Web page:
There’s been some consternation about why Warbs Warburton took against Leistner quite as vehemently as he did – informing the German his services were no longer required even before 2019/20 was underway. QPR are too nice, they lack physicality, they lack height, they concede for fun off set pieces, and when Leistner subsequently battled his way back into the team, most notably in a man of the match display at Millwall, he did improve all of those things. The general perception is Warburton wants to play out from the back and Leistner can’t pass the ball, but it wasn’t just a quality assist for Nahki Wells against Luton that proved that not quite correct. The bigger problem is Leistner’s lack of pace and mobility, which forces him to drop deeper than Warburton would like to defend, opening up a bigger gap between the defence and midfield than Warburton would like to exist, and hindering the short passing game and link up as a result.

Rob Dickie will certainly help with all that latter stuff. Mobile and good on the ball, I think we’ll see immediate improvements in possession with him and Barbet back there with Conor Masterson covering. This could be a rare modern example of Rangers actually doing some better business than Brentford, getting a quality ball playing defender from League One while they spent more getting a worse player, from the division below, with a history of knee injuries, after one good season at Northampton. Of course, we know how it goes, Charlie Goode goes onto be the next big thing and gets sold to Aston Villa for £12m, Rob Dickie snaps his ACL midway through another 70-goal concession season at Rangers, but at the moment we look to have got the better deal to me.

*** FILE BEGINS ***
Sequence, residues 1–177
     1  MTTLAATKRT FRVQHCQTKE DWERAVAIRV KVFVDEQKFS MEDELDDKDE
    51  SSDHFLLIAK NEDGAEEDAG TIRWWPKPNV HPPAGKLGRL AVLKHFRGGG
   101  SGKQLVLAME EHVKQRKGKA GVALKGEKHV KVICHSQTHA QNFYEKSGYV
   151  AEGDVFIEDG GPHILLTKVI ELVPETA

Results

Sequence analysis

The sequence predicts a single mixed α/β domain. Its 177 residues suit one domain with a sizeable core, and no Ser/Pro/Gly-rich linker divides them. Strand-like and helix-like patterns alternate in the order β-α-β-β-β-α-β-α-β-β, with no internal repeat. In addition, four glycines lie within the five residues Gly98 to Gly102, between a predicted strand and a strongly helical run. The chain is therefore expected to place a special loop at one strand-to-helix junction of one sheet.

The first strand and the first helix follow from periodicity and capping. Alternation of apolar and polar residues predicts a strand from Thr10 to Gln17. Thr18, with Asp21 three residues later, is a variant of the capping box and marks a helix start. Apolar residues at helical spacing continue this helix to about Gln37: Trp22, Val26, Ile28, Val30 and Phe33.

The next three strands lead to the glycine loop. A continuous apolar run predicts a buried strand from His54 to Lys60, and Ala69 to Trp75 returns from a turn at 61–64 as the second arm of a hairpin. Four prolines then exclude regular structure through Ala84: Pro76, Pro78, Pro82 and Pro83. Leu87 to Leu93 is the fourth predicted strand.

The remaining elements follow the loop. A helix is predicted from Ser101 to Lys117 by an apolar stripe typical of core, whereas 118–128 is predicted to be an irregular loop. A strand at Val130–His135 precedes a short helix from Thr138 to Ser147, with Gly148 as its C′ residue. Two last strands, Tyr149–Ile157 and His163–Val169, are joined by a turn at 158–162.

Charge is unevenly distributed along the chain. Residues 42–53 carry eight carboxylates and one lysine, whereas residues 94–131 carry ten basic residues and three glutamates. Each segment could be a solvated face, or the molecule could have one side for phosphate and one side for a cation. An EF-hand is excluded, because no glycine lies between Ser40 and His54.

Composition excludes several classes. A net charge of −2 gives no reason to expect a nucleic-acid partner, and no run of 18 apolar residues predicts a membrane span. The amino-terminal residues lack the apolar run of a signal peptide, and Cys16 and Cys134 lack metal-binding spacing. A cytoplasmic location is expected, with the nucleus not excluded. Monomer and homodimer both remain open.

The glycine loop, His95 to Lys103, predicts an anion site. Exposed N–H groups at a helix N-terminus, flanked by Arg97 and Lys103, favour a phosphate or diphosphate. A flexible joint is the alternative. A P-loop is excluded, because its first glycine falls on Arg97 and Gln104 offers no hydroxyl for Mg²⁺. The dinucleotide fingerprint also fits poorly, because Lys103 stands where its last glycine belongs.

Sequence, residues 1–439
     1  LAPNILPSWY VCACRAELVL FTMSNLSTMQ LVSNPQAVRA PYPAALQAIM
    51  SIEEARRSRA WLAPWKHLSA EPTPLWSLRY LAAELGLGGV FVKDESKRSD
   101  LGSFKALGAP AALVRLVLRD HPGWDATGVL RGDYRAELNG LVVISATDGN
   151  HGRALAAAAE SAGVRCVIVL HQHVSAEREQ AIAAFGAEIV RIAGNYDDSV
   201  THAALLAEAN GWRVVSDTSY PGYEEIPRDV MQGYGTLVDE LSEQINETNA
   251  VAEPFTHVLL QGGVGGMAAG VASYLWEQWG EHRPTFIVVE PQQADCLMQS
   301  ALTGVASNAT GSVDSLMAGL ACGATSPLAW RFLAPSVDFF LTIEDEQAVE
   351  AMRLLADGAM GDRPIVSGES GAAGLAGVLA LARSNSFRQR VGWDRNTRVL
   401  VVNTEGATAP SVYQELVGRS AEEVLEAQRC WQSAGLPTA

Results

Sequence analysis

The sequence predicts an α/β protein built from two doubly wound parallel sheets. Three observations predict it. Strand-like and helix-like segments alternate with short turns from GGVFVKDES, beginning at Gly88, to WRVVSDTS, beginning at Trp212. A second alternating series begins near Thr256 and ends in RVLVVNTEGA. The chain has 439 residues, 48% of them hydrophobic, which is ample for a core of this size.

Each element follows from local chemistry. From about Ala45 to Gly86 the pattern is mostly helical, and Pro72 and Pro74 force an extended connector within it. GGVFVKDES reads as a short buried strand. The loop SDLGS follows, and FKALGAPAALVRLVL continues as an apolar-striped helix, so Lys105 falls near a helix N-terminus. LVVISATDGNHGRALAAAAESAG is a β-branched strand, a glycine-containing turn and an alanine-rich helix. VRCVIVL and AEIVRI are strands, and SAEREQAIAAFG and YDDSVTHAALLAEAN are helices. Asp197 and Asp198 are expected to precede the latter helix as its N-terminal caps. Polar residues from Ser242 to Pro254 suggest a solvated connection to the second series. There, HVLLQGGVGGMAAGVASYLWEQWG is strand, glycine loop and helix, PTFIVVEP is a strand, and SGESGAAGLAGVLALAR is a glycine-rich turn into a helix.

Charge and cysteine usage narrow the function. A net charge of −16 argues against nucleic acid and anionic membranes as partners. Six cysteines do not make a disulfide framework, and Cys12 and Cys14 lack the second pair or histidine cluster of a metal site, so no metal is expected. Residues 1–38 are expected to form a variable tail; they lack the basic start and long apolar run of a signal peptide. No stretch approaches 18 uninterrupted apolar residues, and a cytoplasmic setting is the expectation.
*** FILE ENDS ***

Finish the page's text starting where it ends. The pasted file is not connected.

Whether, at six-foot, he’ll improve the physical side of our team, and strengthen what is a particularly weak spine of the team, remains to be seen. Rangers conceded, shambolically, yet again from a corner at Oxford at the weekend – beaten easily in the air for the first ball, marking abysmally for the second as it dropped. But for errant finishing elsewhere in the game by the goalscorer Matt Taylor Rangers could easily have lost that game three or four nil. For all the talk of what we do with the ball, that’s the key improvement we need to make from last season when we conceded 76 goals in the Championship, and that’s where he’ll have his work cut out most.

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QPR_Pricey added 21:27 - Sep 1
Loving the lonely hearts - can you do them for the whole squad please??!!!!
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Phil_i_P_Daddy added 08:19 - Sep 2
I don’t disagree, time wills obvs tell, but patting ourselves on the back for, hopefully, doing a better bit of transfer business than Brentford feels like a bit of a knock to the nads.
Reality is the greatest cause of stress.
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kingfisher6404 added 20:09 - Sep 2
Really good to reference not just his time at Oxford but delve back further and indicate what a benefit he has been. I see that positive impact transferring our way and, having seen a video of him, I love how he somehow manages a two-footed tackle to take the ball off players! Well done everyone involved in getting Dickie to the Rs - especially Jamie Mackie it seems!!
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royinaus added 22:42 - Sep 2
Didn’t see Leistner as that bad - he played in the 6-1 against Cardiff - very nearly scored a blinder too. One would have thought keeping him as cover and or to bring on when proper defending was required would be preferable to just paying him to leave